Not That Kind of Girl: A Young Woman Tells You What She's "Learned" by Lena Dunham
My rating: 5 of 5 stars
I know there's a lot of controversy and dislike surrounding Not That Kind of Girl but I loved it and will defend Lena Dunham until death.
I read so many bad and mixed reviews before and during my reading of this book, which I find absolutely baffling. This is a young woman's account of the events of her life and her innermost thoughts thus far. Memoirs aren't the kind of book that you can form negative opinions on. As far as I'm concerned, you either liked it or it wasn't for you.
There aren't a lot of young people, especially young women, nowadays who are comfortable being so shamelessly and brutally themselves. Lena is so open that she practically appears naked on the pages in front of you. She doesn't bathe herself in glory, neither does she downplay the fact that she's lived an interesting life and she thinks that people will want to hear about it.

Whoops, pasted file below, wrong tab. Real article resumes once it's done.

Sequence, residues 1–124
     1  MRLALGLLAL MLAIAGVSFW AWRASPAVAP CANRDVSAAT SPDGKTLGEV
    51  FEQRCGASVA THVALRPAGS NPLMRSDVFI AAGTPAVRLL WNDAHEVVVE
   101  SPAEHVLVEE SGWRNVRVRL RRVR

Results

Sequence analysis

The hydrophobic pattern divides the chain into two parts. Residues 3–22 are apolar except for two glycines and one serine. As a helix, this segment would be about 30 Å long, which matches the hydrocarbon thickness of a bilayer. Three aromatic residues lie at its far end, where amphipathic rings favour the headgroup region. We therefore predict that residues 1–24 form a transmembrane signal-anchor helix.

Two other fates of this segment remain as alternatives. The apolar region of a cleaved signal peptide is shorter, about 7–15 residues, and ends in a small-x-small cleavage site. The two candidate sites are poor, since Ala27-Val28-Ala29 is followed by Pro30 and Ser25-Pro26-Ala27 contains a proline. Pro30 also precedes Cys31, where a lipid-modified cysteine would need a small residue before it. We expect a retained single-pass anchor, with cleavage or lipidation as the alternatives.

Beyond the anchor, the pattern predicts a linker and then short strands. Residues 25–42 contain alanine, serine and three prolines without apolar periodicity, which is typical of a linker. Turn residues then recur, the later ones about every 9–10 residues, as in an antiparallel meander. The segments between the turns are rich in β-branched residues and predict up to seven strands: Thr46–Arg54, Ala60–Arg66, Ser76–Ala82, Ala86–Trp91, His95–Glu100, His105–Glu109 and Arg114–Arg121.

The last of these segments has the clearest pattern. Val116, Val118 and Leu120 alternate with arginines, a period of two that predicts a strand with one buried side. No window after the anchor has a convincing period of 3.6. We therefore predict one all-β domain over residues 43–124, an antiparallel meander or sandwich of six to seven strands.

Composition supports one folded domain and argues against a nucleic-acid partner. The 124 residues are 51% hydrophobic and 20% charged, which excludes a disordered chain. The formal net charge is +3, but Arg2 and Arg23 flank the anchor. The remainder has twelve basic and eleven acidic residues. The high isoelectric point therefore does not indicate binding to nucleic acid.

Lena is certainly a character, and fair enough if she isn't for you, but this is by no means a bad book. Personally I think it's wonderful but that's because I think she is wonderful (fangirl moment, no shame).
She is very much moulded by her upbringing and, yes, she was luckier and more privileged (possibly more sheltered) than most, but she's honest about it and more importantly, isn't ashamed of it. None of us have much say over how we were brought up and how we behaved when we were younger as a result of this so what is the point of trying to hide it or evolve into something you're not.
Learn, grow, yes. Completely try to erase your past... What's the point? We develop from our past and that's exactly what this book is about: "A Young Woman Tells You What She's 'Learned'".
Whether you vibe with Lena's eccentric personality or not, she deserves the highest of praise for putting herself out there, body and soul.
The writing style of this book is witty, interesting and captivating; exactly like its author.
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